Relying on heavy oils and tar sands as the feedstock for liquid fuels will exaggerate the greenhouse-gas emissions associated with fossil-fuel use, a new study finds.
Light crudes are the easiest to work with. But as their biggest and most accessible reservoirs have been tapped — and often tapped out — the oil industry has increasingly been turning to what has been termed “unconventional” stocks. These are viscous, if not tarry, forms of petroleum. And as the upper graph below shows, the average “gravity” — viscosity of crude — has fallen into the heavy range (below an average of about 31 degrees on the American Petroleum Institute scale) beginning in 2000. At least for oil processed by U.S. refineries.
Not surprisingly, it takes extra work to convert viscous gunk into the gasoline, diesel and other high-value fuels that power engines the world over. And the extra fuel that powers those upgrades releases bonus greenhouse-gas emissions, thereby upping the carbon footprint of each gallon of refined product created.
It also takes extra energy to process “sour” crude — petroleum naturally bearing high concentrations of sulfur. That sulfur can poison catalysts used in refining. And as the lower graph below (courtesy of the Department of Energy) indicates, the sulfur content of crude oil entering U.S. refineries has been climbing steadily since at least 1985.
The higher energy intensity inherent in processing sour, heavy crudes has been known for a long time, observes Greg Karras of the Oakland, Calif.-based Communities for a Better Environment. Indeed, the pollution-prevention engineer suspects, refiners probably know to the dime what it costs to convert each barrel of raw crude that they purchase into liquid fuels — and can calculate how that translates to greenhouse-gas emissions.
But owing to trade secrets, companies haven’t shared this information, Karras says. So it’s been virtually impossible for the public and policymakers to quantify the climate implications of moves to rely on some of the really heavy crudes — especially those tar sands bitumens that may have a API gravity of around 8.
Karras undertook an analysis of the publicly available data reported between 1999 and 2008 by refineries accounting for 97 percent of U.S. capacity: what types of crude oil were entering refineries and in what amounts, what products they generated and in what amounts. Then he used what was known about the energy intensity of processing steps used to refine and upgrade various crudes into particular products.
The evolution toward more sour and viscous petroleum sources “drove a 39 percent increase in emissions across regions and years,” Karras reports in a paper posted early online in Environmental Science & Technology. Fossil-fuel use increased 61 megajoules for each kilogram of sulfur in a cubic meter of oil and increased 44 megajoules for each kilogram per cubic meter of oil density.
“We currently import roughly 1 million barrels of Alberta [Canada] tar sands,” for refining in the United States, notes Ryan Salmon, an energy policy advisor to the National Wildlife Federation in Washington, D.C. And with two pipelines in place to move that low-quality petroleum to the Midwest for refining — and a third to southern Texas in the planning — the United States is committing itself to feedstocks that will require huge quantities of energy to process.
Keep in mind, he notes, in addition to the extra processing costs associated with tarry crude, there can be huge extraction costs. And the direct, non-climate fallout from that extraction can also prove costly.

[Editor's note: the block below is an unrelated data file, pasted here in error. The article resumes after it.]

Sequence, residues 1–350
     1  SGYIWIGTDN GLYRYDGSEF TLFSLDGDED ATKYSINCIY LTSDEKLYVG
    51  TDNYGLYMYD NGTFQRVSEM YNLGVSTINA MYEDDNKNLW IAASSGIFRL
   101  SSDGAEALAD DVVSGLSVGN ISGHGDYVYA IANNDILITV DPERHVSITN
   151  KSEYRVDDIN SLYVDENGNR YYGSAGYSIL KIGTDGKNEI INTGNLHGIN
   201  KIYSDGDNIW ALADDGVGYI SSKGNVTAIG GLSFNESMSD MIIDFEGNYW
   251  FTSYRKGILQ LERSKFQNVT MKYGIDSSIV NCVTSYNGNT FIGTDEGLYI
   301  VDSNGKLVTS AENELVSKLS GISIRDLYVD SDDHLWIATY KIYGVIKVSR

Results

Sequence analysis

Right now, a transition to heavier crudes is well underway. If these more viscous petroleum sources substituted entirely for the light, sweet (low-sulfur) crude that had been the mainstay of U.S. refining, emissions from this processing could “double or triple,” Karras says, depending on whether heavy crudes were used versus tar sands, “and add 1.6 to 3.7 gigatons of carbon dioxide to the atmosphere annually from fuel combustion to process the oil.”
That’s not what negotiators meeting right now at the United Nations Framework Convention on Climate Change in Cancun, Mexico, want to hear. They’re trying to find every easy and not-so-easy reasonable means for nations around the world to cut back on greenhouse-gas emissions.
At last year’s UNFCCC meeting in Copenhagen, the Obama administration pledged to work toward cutting U.S. greenhouse-gas emissions 17 percent — relative to 2005 values — by 2020, and to cut them 80 percent by 2050. “It wasn’t a binding agreement,” Salmon acknowledges — nothing at that meeting was. But it signaled the intent of the administration. Challenging as those targets are, they will become stickier still if the contribution of liquid fuels escalates owing to relying on super-viscous crude, his group explained in an analysis it issued December 2.
Karras agrees. “While we talk about the need to transition to more sustainable forms of energy, actual dollar investments are increasingly skewed towards investing in more pollution intensive — more energy intensive — primary sources of petroleum.” If industrial nations continue down this path, he asks, “will it foreclose the ability to achieve the total emissions reductions that we need?”
The National Petrochemical & Refiners Association and the American Petroleum Institute were each reached a day ago (Dec. 2) and invited to weigh in on the Karras report. They have not done so, other than for an NPRA spokesman to say he thought Karras’ emissions numbers for unconventional oils seemed higher than estimates that he’d heard attributed to Cambridge Energy Research Associates, earlier this year. I attempted to confirm this, but CERA did not return my phone call.